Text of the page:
Department of Labor Issues Final Rule on Joint Employer Status



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Fitz E. Barringer
Robinson Bradshaw Publication
Jan. 14, 2020

Over the weekend, the U.S. Department of Labor issued its final rule for interpreting "joint employer status" under the Fair Labor Standards Act (FLSA). "Joint employer status" applies in situations where two or more persons or entities are jointly and severally liable for an employee's wages under the FLSA. The new rule is significant for employers – particularly those who operate through franchise models or who routinely work with staffing agencies to fill temporary positions – because the rule's four-factor test for evaluating joint employer status will likely cover fewer employers than current DOL regulations. In addition, the new rule provides several examples to help employers, employees and courts apply the new joint employer test. Barring legal challenges or congressional disapproval, the new rule will take effect March 16, 2020.

For more than 60 years, the DOL's joint employer rule provided that two or more employers would be considered joint employers of a particular employee (a) if the employment "by one employer [is] not completely disassociated from employment by the other employer(s)" or (b) if the two joint employers are "sufficiently associated" with one another with respect to the employee. The "sufficiently associated" prong of the test, which primarily applies to potential joint employers that are under common ownership or control, such as subsidiaries and affiliates, has proven relatively straightforward to apply and has not materially changed in the DOL's new rule. But the DOL and some courts, particularly during the Obama administration, had applied the "not completely disassociated" prong of the test to determine that some franchisees or contractors qualified as joint employers with their franchisees or contract counterparties.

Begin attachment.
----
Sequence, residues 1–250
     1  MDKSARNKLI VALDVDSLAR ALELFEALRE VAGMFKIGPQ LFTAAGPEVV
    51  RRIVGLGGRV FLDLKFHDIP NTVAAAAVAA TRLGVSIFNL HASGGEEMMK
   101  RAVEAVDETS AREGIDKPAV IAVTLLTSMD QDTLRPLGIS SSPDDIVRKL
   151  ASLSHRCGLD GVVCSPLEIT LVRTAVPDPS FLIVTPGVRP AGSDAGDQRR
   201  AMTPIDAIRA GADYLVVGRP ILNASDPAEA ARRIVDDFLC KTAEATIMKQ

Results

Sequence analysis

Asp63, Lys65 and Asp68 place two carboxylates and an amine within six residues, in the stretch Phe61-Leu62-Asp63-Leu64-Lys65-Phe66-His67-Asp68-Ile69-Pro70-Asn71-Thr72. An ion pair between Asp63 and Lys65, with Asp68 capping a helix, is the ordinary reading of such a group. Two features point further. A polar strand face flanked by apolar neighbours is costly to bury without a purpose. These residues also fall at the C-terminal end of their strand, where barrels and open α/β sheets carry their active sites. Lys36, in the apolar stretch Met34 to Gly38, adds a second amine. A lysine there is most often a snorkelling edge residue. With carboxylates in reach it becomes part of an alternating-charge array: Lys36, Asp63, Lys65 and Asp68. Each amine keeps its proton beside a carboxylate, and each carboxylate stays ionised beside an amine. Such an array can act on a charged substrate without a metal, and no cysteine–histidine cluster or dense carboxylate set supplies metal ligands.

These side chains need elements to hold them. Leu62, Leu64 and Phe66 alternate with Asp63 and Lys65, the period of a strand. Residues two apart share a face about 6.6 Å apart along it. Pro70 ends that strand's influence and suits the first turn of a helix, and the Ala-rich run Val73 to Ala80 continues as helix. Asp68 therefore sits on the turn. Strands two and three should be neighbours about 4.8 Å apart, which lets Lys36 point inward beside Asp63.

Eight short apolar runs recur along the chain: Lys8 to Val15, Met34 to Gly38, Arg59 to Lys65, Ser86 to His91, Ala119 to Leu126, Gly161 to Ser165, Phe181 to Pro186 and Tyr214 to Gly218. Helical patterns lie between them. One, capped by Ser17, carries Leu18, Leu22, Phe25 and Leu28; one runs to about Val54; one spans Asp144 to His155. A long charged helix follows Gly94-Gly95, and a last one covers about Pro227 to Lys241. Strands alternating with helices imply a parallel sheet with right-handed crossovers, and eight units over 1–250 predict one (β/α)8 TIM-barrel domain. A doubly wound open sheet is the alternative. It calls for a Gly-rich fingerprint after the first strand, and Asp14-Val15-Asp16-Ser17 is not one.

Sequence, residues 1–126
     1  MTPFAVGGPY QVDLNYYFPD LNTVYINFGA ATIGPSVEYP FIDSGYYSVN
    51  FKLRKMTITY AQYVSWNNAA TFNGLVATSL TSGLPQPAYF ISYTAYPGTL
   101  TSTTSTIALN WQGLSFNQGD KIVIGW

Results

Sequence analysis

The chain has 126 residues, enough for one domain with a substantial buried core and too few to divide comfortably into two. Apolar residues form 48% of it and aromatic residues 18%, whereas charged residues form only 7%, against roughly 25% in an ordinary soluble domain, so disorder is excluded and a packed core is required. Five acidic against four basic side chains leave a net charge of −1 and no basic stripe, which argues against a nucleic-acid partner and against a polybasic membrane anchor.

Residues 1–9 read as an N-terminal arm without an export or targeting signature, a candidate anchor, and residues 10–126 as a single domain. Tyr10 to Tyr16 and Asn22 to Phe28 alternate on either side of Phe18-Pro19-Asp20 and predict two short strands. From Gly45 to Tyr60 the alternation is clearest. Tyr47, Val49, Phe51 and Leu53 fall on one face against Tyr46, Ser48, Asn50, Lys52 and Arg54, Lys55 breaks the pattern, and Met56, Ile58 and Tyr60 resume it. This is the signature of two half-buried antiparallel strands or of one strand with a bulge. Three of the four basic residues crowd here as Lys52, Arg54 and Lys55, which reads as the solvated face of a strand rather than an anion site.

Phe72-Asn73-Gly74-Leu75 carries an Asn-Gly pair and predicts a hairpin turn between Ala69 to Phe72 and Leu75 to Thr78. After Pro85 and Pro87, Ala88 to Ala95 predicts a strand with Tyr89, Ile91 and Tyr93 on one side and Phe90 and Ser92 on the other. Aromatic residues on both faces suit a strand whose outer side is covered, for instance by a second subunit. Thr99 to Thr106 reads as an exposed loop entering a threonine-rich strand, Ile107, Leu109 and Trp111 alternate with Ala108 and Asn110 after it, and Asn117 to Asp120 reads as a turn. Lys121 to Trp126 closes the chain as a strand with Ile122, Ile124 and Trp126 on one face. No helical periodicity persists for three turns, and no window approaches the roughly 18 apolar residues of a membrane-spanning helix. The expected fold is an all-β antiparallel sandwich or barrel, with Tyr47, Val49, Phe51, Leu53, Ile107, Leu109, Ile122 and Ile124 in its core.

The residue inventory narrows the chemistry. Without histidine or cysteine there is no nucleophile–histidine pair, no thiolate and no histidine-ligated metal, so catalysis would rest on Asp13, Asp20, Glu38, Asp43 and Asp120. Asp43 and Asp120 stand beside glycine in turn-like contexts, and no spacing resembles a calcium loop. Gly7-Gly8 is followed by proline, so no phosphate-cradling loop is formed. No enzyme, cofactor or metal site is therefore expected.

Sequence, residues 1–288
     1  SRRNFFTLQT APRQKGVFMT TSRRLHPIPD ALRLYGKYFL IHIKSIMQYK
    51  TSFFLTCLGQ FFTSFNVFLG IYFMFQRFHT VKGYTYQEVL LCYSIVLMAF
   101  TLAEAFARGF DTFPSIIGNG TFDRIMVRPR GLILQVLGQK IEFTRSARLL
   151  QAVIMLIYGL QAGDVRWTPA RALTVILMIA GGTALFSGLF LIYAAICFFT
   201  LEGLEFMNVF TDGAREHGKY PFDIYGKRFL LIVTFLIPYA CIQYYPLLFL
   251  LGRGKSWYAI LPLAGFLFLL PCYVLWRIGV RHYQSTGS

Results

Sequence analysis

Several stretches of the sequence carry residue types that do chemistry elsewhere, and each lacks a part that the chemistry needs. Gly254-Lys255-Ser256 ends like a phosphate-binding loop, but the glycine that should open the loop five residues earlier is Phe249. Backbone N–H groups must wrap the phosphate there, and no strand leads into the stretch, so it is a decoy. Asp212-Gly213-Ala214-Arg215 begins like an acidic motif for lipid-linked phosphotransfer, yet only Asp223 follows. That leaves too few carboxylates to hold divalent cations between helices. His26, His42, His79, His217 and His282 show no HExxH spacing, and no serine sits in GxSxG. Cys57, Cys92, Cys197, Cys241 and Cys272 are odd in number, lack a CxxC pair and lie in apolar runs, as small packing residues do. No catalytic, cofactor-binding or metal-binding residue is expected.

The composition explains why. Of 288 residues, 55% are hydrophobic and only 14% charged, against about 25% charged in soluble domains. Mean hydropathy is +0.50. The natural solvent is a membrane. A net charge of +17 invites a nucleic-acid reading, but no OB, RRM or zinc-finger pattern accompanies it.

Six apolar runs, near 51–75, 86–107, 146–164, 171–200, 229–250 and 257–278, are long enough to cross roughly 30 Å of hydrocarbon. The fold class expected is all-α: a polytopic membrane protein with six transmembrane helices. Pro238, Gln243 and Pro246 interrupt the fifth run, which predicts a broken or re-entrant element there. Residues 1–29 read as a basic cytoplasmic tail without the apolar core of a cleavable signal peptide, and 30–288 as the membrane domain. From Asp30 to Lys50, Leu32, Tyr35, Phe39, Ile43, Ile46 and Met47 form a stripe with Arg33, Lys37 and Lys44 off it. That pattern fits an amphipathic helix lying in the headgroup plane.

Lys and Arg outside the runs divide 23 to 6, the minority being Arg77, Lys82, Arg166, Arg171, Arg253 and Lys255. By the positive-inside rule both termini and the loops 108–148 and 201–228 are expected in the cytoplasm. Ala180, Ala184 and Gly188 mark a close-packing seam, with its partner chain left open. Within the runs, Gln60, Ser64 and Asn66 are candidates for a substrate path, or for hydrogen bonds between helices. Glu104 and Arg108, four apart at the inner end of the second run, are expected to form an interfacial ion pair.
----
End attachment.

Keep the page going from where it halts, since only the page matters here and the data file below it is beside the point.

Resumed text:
The rule issued this month rejects these Obama-era standards. Under the new rule, one person will be a joint employer if that person acts "directly or indirectly in the interest of the employer in relation to the employee." To determine whether a person acts directly or indirectly in the interest of the employer in relation to the employee, the DOL has adopted a four-factor test that asks: Does the potential joint employer (i) hire or fire the employee; (ii) supervise and control the employee's work schedule or conditions of employment to a substantial degree; (iii) determine the employee's rate and method of payment; and (iv) maintain the employee's employment records?

No single factor is dispositive when applying the test, and the DOL's rule explains that it intends for the weight applied to each factor to vary depending on the circumstances. That said, the DOL's rule indicates that mere maintenance of an individual's employee records alone will not lead to a finding of joint employer status, suggesting that the fourth factor is somewhat less pivotal than the other three.

The DOL's rule also clarifies that merely holding the authority to exercise the powers represented in its four-factor test is dispositive of a potential employer's joint employer status. What is important under the DOL's rule is whether the potential employer actually exercises the powers outlined in its test. Thus, potential employers can take comfort knowing that the reservation of authority to exercise certain powers like hiring or firing employees or issuing work schedules will not automatically qualify them as joint employers under the DOL's new rule.